The first time I saw District B13 was at the original
Alamo Drafthouse during the 7th annual Butt-Numb-A-Thon 24 hour
film festival. The second time was at the Alamo Drafthouse South
Lamar for the SXSW Film Festival. The third time wasn’t the
charm, but that didn’t take away from the freaking intense
85-minute adrenaline rush (trademark Total Nonstop Action Wrestling)
that District B13 provides.
District B13 is clearly influenced by the premise of
John Carpenter’s Escape From New
York and his anti-authority and chaotic anarchy sensibilities.
Combine that with the no wire, no CG action/stunt stylings of Tony
Jaa’s Ong Bak and you have District
Leito (Belle) was born and raised in an isolated
and walled off ghetto of France, District B13. It’s a region
tyrannically ruled by the drug lord, Taha (co-writer, Naceri),
whom Leito is at odds with. Leito, who is an upstanding and idealistic
guy that just wants to clean up his streets, attempts to take Taha
down, but that goes horribly wrong when he is betrayed by the French
police force. Leito’s sister, Lola (Verissimo,
aka former porn star Ally MacTanya) is left in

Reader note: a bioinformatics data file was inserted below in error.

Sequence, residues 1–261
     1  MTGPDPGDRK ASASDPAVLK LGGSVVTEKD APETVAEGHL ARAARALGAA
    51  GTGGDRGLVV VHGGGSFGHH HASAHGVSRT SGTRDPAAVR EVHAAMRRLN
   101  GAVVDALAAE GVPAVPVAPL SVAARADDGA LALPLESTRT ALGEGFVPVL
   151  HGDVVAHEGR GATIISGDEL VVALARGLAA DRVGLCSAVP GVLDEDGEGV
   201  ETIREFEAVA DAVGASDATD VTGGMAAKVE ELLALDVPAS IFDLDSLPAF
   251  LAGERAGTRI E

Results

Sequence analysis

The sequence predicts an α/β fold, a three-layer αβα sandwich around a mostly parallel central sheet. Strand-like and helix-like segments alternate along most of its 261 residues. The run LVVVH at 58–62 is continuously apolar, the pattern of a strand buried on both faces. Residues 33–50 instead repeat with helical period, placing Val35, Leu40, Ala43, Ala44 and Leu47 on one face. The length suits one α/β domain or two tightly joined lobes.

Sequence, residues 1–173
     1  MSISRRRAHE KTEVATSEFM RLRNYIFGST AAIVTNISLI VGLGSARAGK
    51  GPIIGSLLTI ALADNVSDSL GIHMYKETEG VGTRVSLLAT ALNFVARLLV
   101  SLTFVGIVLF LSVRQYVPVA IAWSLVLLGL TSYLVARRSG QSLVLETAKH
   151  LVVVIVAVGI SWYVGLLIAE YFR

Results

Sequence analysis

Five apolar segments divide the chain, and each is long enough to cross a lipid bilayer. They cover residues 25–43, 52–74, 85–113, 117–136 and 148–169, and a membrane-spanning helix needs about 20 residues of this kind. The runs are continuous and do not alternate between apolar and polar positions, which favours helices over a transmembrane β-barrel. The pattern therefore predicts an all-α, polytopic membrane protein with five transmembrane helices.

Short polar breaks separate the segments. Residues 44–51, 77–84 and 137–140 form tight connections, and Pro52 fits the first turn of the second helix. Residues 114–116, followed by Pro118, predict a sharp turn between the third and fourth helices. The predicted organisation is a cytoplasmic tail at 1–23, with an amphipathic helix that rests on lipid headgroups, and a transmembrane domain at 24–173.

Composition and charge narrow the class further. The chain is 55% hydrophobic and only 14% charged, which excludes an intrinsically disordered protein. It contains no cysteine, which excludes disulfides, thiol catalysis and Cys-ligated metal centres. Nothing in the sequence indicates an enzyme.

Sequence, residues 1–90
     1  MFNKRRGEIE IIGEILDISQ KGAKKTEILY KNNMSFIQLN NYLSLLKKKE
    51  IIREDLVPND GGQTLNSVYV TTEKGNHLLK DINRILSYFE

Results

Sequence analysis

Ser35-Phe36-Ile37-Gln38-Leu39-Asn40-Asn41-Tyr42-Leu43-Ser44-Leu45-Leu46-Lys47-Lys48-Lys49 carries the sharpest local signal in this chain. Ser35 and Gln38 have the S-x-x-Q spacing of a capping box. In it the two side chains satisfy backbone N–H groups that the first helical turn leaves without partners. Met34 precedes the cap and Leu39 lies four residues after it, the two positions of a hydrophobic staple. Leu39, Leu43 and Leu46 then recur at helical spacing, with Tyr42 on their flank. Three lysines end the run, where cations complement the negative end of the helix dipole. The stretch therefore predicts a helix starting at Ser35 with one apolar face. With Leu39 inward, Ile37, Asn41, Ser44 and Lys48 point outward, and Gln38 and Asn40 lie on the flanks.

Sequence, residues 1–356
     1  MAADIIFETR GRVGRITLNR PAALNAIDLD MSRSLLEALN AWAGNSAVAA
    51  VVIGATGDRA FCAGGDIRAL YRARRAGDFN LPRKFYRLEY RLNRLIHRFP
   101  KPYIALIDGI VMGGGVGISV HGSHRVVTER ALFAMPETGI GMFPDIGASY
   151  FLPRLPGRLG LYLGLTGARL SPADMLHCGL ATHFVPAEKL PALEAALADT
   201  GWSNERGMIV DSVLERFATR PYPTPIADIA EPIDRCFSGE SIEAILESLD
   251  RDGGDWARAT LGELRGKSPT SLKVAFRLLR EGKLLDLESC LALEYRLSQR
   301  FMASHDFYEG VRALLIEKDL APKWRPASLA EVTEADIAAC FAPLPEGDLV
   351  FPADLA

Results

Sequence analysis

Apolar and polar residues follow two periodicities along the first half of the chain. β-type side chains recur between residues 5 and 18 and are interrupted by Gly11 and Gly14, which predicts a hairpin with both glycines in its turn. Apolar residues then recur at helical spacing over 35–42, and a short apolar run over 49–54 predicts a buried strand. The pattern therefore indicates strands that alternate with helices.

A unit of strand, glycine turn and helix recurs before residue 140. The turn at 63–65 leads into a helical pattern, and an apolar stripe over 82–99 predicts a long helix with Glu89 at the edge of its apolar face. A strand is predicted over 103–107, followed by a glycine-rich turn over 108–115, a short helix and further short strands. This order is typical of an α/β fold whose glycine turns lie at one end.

the hands of Taha while Leito is in jail.
The situation changes when Taha gains possession of a WMD, and
the government charges a French police officer, Damien (Raffaelli),
to team up with Leito in order to stop it. Damien, like Leito, uses
that acrobatic martial arts fighting that would make the likes of
Rey Mysterio, AJ Styles, Rob
Van Dam, Chris Sabin, and Matt
Sydal green with envy.
The real highlight and draw of B13 are the fight scenes
and action sequences that have incorporated the sport of parkour.
Parkour is a sport in which the object is to maneuver through obstacles
and environments with ease. And almost all of these scenes are done
for real: no blue-screens, no green-screens, no wire-work, and no
And you have the dynamic duo of Leito and Damien, the signature
Besson uber-men, that will ultimately clash in
a knock-down drag-out fight in which the Luc Besson uber-man faces
the Luc Besson uber-man for the first time as far as I know.
Not quite as dark, heavy, and affecting as Unleashed/Danny
The Dog, but still a fun and exciting French action movie.
—Jeffrey “The Vile One” Harris